Nuclear power may be America’s most controversial source of energy.  A dam can drown a stunning stretch of river.  Coal may loom larger in climate and public health debates, given its airborne pollutants and toxins buried in coal-ash dumps dotting the nation.  Solar-thermal plants, seen as environmentally benign, can incinerate birds in mid-flight.  Using any technology has consequences, but with nuclear power, they feel more . . . consequential.  It might be origins of nuclear power in the fires of World War II.  It could be echoes of Chernobyl or Fukushima.  Whatever the reason, bring up nuclear and you may generate heat that has nothing to do with physics.

The Nuclear Landscape

Whatever the opinions, these are the facts – 95 reactors at 57 plants in 29 states supply about 20% of America’s electricity.  As mentioned earlier in this series, nuclear plants are baseload plants.  They operate at maximum output nearly all the time, except when refueling or during maintenance.   The oldest active reactor came online in 1969, the newest in 2016 – the latter the first such in 20 years.  Two more reactors are now under construction in Georgia.  And though we’re down from 107 units operating in 2003 –upgrades and more efficient refueling mean total output is about the same as it was 17 years ago.  France remains the most nuclear-heavy country – more than 70% of its power comes from fission.  But in terms of total output, the US still leads the world.

It’s all driven by physics on a scale that’s hard to grasp.  Atoms of a few heavy, unstable elements like uranium are prone to split, or “fission”.  In the process, they release neutrons – neutral subatomic particles – and huge amounts of energy.  As those neutrons speed away, they hit other atoms.  Some of them split, releasing more neutrons and more energy.  That energy boils water, which generates steam, which turns a turbine – and so on into the grid.  Under controlled conditions, you’re in the control room of a nuclear power plant as smokeless fire converts steam to electricity.  Under uncontrolled conditions, you’re in the New Mexico desert on July 16th, 1945, as light brighter than the sun springs from the earth.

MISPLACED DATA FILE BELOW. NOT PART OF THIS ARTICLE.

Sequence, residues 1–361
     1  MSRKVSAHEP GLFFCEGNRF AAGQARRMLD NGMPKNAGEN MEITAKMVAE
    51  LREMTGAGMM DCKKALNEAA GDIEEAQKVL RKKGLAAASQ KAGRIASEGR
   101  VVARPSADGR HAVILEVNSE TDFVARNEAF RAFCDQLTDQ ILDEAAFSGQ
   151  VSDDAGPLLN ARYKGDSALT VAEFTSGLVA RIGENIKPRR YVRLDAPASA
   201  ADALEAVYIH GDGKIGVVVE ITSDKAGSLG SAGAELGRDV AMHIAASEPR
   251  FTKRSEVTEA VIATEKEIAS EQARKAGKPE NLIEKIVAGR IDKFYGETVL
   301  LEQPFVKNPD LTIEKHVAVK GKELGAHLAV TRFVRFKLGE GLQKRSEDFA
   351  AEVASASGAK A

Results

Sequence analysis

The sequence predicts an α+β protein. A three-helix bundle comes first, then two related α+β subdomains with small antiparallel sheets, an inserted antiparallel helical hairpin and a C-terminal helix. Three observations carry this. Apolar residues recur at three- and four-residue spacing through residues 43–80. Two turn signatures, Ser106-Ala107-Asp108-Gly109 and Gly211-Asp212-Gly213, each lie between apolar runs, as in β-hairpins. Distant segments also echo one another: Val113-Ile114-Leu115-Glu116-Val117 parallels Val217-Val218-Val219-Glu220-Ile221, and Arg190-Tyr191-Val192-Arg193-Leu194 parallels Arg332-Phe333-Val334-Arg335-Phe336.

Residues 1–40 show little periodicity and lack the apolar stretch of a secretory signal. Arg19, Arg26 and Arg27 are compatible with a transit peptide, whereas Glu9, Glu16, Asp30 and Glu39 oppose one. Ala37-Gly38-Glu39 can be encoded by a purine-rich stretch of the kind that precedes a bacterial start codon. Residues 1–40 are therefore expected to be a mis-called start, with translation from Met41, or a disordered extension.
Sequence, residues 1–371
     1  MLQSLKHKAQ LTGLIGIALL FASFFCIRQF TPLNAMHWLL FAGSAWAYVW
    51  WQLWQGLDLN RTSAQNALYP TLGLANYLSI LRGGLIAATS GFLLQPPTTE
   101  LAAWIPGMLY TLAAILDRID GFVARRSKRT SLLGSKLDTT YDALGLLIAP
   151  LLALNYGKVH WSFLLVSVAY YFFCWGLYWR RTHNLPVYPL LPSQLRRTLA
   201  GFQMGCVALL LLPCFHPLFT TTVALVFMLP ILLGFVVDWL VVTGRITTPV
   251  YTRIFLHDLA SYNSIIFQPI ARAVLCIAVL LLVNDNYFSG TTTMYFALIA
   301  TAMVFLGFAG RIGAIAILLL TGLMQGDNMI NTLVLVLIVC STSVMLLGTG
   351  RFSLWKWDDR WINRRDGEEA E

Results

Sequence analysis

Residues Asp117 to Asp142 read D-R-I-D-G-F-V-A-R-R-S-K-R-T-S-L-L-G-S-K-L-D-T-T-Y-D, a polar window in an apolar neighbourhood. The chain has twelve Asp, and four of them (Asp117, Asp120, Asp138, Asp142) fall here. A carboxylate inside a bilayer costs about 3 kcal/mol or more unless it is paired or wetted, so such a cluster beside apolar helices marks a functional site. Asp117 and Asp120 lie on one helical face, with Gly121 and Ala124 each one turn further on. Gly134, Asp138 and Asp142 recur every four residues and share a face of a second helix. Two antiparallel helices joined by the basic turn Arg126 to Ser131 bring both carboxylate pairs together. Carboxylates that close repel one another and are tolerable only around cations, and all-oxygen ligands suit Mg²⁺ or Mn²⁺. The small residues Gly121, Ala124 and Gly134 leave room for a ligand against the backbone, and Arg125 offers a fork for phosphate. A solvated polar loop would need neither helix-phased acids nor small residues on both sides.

Keeping intense heat and potentially deadly radioactivity under control is an expensive, complex process.  American reactors are surrounded by massive containment domes of concrete and steel.  They’re cooled by networks of pumps and condensers backed up by multiply redundant systems in case of emergency or loss of power.  And given their fuel, they’re operated to the most exacting standards in any industry in terms of security.  All this adds up.  It’s not that nuclear power is all that expensive in terms of routine operations, fuel and maintenance.  EIA data show that between 2008 and 2018, these costs for fossil plants ranged from 3.5.to 4.1 cents per kilowatt-hour.  For hydropower, it was .9 to 1.2 cents and for nuclear, ranging from 2.1 to 2.7 cents.